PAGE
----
We would have still wanted him at the wedding without a gift.  Just offering the above as an example of an inexpensive wedding gift that was cherished.  Also to note that if you are close to the happy couple, they may already understand that your current finances are not such that a more expensive wedding gift is not feasible.
Never refuse to do a kindness unless the act would work great injury to yourself, and never refuse to take a drink -- under any circumstances.
Mark Twain

SamiHami

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Re: Are wedding presents obligatory?
« Reply #8 on: January 17, 2013, 08:43:36 PM »
Agree with the PPs who say attending a wedding does obligate you to getting them a gift-but only one within your means. And if you send them a gift a few months after the wedding, that's perfectly acceptable as well.

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Surianne

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Re: Are wedding presents obligatory?
« Reply #9 on: January 17, 2013, 08:51:44 PM »
I've had friends tell me (when I was crazy broke) they'd much rather have me at their wedding than worry about a gift.  I think that's pretty normal: it's more important to see you there.  They'll be receiving a lot of gifts; one more won't make a significant difference.

I think the previous posters have some great ideas about inexpensive gifts.  Don't feel you have to meet some imagined cover-your-plate amount.  $10 is fine, if it's meaningful.  If you can't manage even that and still attend their wedding, I think a card with a sincere, personal message in it would be fine too.

Hmmmmm

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Re: Are wedding presents obligatory?
« Reply #10 on: January 17, 2013, 08:54:11 PM »
I think it depends on your friend and your relationship with the couple.  When I married ages ago, I would have been very sad if someone didn't attend my wedding because they couldn't afford a present.

But I know in some areas it really is not done to attend without gifting. If that's the case in your social circle remember that a gift can be given up to a year after the event.  You could also see if someone wants to split the cost of a present. 

I hope you find a solution.

mj

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Re: Are wedding presents obligatory?
« Reply #11 on: January 17, 2013, 08:55:05 PM »
I'm assuming that you have to travel for the wedding since you have to save to go.  In my experience with my own wedding that required many guests to travel and other weddings with similar deals, the travel part was more than enough gift to me.  The other weddings I know that had travel required had the same point of view. 

But I'm guessing that this is up to how well you know the couple. 

Amara

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Re: Are wedding presents obligatory?
« Reply #12 on: January 17, 2013, 09:40:49 PM »
I would not want my friend to attend my wedding--and this one sounds as if it requires travel--if it in any way affected her financial condition as this one seems likely to do to the OP ("I'm having to scrimp and save just to afford to go"). I wouldn't want to see her have to scrimp and save. That phrase makes it sounds like her going will have a major impact on her finances. I wouldn't want that for a friend. What I would love: a letter or card with her best wishes and thoughts. 

CluelessBride

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Re: Are wedding presents obligatory?
« Reply #13 on: January 17, 2013, 09:52:07 PM »
I know you'd like to go, but I am of the opinion that if you have to scrimp and save and still won't have enough money to bring a wedding present too, you can't afford to go.  Send a nice card, and a gift if you want to, but make it easy on yourself (and your finances) and skip the wedding.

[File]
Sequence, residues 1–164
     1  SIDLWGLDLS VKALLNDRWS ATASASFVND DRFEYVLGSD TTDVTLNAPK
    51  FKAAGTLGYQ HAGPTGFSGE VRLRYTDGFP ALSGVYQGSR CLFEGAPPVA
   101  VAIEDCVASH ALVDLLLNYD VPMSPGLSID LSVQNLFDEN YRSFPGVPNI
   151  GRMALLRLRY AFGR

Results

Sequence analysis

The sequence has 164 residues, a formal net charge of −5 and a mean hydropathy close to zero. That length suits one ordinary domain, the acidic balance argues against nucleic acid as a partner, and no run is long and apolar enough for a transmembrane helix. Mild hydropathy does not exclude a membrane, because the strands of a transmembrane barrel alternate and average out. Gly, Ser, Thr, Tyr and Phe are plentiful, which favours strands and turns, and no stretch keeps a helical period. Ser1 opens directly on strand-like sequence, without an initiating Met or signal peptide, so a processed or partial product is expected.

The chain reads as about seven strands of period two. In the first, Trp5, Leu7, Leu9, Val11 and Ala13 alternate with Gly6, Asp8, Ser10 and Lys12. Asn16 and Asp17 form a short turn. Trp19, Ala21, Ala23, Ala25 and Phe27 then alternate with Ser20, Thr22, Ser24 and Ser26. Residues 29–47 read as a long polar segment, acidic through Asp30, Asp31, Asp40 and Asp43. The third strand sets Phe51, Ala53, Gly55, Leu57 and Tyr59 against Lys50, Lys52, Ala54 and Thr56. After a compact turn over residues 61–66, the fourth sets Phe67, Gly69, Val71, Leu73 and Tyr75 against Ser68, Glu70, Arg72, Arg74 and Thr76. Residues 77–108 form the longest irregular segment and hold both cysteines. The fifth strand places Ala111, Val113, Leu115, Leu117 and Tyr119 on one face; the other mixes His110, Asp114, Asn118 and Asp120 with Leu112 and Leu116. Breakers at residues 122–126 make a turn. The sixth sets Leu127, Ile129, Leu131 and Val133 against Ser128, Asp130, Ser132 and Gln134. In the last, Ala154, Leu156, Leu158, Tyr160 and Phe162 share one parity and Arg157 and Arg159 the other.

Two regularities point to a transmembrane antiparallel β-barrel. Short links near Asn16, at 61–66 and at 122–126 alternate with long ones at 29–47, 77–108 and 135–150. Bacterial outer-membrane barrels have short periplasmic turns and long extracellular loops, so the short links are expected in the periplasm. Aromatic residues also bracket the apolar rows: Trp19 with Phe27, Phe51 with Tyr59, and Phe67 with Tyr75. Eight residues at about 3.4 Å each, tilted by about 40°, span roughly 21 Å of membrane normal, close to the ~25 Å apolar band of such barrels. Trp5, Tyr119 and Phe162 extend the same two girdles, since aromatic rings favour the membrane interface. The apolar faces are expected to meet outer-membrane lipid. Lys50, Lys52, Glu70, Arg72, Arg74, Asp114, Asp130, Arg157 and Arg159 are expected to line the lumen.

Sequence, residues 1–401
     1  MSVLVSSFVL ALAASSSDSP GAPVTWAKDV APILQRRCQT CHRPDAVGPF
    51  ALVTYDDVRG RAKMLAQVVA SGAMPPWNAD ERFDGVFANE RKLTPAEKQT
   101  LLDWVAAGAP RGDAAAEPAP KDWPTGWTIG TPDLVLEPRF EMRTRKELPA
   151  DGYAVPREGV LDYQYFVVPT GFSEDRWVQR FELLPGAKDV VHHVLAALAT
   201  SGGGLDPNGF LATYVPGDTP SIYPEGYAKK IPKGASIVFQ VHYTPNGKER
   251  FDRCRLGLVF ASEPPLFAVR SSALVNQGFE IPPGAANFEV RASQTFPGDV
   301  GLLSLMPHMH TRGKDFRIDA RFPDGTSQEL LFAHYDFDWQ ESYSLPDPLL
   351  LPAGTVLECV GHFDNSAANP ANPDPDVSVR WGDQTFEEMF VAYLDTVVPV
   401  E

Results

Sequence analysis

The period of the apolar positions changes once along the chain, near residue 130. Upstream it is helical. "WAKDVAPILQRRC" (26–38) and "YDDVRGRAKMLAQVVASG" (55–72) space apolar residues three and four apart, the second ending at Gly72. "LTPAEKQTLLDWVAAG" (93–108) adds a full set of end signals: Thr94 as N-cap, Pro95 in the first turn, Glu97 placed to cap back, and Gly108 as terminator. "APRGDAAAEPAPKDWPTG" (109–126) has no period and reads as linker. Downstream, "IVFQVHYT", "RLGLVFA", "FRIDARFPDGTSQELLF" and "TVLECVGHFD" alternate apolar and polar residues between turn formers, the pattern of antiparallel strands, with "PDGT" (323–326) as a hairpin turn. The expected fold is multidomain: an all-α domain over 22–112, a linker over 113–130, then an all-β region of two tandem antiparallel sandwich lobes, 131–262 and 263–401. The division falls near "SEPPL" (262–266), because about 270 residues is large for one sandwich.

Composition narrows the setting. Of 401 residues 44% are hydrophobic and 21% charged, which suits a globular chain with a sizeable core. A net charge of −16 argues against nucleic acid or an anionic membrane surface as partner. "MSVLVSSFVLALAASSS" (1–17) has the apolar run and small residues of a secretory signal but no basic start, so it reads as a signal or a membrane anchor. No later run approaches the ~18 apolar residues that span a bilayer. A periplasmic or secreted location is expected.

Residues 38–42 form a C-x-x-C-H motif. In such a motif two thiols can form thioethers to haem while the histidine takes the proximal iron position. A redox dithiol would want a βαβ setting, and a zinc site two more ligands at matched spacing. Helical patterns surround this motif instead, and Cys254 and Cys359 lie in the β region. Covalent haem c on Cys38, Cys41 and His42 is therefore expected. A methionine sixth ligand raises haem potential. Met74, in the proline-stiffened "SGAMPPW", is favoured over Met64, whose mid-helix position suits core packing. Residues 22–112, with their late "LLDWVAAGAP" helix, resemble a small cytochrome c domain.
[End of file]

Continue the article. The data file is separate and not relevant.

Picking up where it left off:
I agree with this, but mostly because I wouldn't want a friend of mine to have to scrimp and save and put themselves so close to financial ruin that they couldn't afford an extra $10-20 (or even less) for a gift just to attend my wedding.

In general, I think you should always take a gift to a wedding, because if you aren't close enough to a person to *want* to joyously give them a gift, then it is better to decline the invite. And I think most people can rearrange finances a little bit to give a token gift if money is tight ($5-10 can go a long way with a little creativity). But I do recognize that some people have already done all the financial rearranging they can do and are still struggling - I mean you can't cut out the daily Starbucks for a week if you never go to Starbucks. In those cases, I do think it's okay to attend without bringing a gift, but you should bring (or send) a very thoughtfully written card/letter. But that's assuming the wedding was local so that the cost of attending was basically nothing.


http://blog.nature.org/2011/11/diy-wedding-invitation-ornament/ <- very cheap wedding gift idea for someone even a little crafty

Calypso

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Re: Are wedding presents obligatory?
« Reply #14 on: January 17, 2013, 10:12:54 PM »
Repeat after me this quote from Miss Manners:

"There is no such thing as an obligatory gift."
"There is no such thing as an obligatory gift."
"There is no such thing as an obligatory gift."

She doesn't say "except in the case of weddings." More and more, the word "gift" has become corrupted to mean anything but what it is----a gift is something you choose to make, it is never required. Period. Full stop. It doesn't matter if the wedding hosts are paying $1,000 per plate. A gift is never, never obligatory.

That said---you can see already by the responses on this thread that reasonable people may disagree with the hard line here. So, to me, the question isn't "it is required" but "can I personally stand the discomfort I might feel if my actions don't meet with approval from everyone." You will not be wrong to go to a wedding without bringing a gift, but being right doesn't always mean feeling your actions are happily accepted. Only you can know what your relationship is with the happy couple and if they'd prefer your presence sans present, or prefer you not come.

I guessed quite wrong on this on a wedding of someone I thought was a friend 20 years ago when I was broke and she lived across the country---paying to get there was, to my thought, my gift. She apparently didn't feel the same way. Our friendship cooled afterward, but I learned something I needed to know about where I stood with her.